• In some examples the optimization model may be trained based on images previously generated according to method 300 as well as user feedback regarding the quality of the previously-generated images. Specifically, the initial optimization model described above may be used as an initial function for a neural network or another machine learning algorithm, which then updates the model based on the user feedback. Consequently, the particular optimization model used to determine the dose level and scan protocol at 325 may comprise a trained optimization model. In some examples, the imaging system may include one or more optimization models corresponding to different users of the imaging system. In such examples, the optimization model corresponding to the particular user of the imaging system may be used to determine the dose level and scan protocol to reflect previously-received user feedback regarding image quality. To that end, users of the imaging system may establish a user profile on the computer, and adjustments to the optimization model may be saved to a user's user profile. Prior to performing a scan, the user may load their user profile including the adjusted optimization model such that the execution of method 300, for example, may use the adjusted optimization model rather than an initial optimization model. In some examples, the imaging system may only include one such user profile that is accessed and updated by all users of the imaging system.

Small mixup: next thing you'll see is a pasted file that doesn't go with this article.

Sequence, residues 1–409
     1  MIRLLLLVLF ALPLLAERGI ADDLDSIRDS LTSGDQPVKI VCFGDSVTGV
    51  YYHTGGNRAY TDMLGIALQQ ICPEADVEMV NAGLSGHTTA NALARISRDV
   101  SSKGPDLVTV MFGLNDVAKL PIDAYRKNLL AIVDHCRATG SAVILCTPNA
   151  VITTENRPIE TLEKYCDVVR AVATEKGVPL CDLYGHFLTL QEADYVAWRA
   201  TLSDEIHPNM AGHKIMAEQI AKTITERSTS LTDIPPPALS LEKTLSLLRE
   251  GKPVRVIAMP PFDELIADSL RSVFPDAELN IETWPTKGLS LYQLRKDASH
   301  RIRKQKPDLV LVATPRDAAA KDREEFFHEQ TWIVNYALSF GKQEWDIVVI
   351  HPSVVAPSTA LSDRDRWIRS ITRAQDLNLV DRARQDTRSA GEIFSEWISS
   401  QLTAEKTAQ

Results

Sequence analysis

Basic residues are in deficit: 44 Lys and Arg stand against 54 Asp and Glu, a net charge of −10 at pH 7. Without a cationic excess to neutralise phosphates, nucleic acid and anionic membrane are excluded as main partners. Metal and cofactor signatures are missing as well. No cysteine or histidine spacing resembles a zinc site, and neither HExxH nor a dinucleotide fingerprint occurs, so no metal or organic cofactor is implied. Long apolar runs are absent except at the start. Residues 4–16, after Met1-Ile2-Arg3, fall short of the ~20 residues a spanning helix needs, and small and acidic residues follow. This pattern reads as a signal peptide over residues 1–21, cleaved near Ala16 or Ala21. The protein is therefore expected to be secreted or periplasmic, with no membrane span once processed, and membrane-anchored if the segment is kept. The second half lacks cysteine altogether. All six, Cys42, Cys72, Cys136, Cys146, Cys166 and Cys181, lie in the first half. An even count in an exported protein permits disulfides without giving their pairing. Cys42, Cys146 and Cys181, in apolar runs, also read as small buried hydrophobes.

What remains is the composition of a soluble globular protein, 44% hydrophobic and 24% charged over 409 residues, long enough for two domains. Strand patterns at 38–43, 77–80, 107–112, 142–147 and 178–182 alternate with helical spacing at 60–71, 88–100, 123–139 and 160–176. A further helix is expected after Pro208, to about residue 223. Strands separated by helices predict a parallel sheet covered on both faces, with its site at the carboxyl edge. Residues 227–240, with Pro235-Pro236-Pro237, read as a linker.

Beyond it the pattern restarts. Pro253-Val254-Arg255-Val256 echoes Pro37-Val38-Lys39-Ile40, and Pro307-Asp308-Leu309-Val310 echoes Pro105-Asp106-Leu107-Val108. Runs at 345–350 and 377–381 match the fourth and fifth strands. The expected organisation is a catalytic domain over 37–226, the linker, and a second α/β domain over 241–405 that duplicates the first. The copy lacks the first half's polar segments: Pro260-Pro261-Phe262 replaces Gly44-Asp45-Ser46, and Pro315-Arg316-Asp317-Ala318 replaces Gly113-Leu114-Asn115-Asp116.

• While neural networks are described herein, it should be appreciated that any appropriate supervised machine learning technique may be utilized to train the optimization model. Method 400 ends after updating the optimization model.
  • A technical effect of the disclosure includes the modulation of tube current applied to an x-ray source while scanning an object, wherein the modulation is based on the clinical task, the physical characteristics of the object, and the physical characteristics of the imaging system. Another technical effect is the reconstruction and display of an image with a desired image quality. Yet another technical effect of the disclosure is the calculation of an optimal dose level and scan protocol to achieve a targeted image quality, and the scanning of an object according to the optimal dose level and scan protocol.
  • Various systems and methods for automated tube current modulation are provided. In one embodiment, a method for an imaging system comprises: calculating a desired dose level based on a clinical task, a size of a subject to be scanned, and an image quality level; generating a scan protocol based on a relation between the image quality level and at least one characteristic of the imaging system; and performing a scan of the subject at the desired dose level and according to the scan protocol.